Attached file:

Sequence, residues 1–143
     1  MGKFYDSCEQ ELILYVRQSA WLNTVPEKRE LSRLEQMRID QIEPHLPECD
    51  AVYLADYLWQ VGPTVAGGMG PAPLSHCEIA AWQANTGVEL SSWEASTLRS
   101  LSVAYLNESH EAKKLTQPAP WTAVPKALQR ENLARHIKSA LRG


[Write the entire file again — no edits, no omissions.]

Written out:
Sequence, residues 1–143
     1  MGKFYDSCEQ ELILYVRQSA WLNTVPEKRE LSRLEQMRID QIEPHLPECD
    51  AVYLADYLWQ VGPTVAGGMG PAPLSHCEIA AWQANTGVEL SSWEASTLRS
   101  LSVAYLNESH EAKKLTQPAP WTAVPKALQR ENLARHIKSA LRG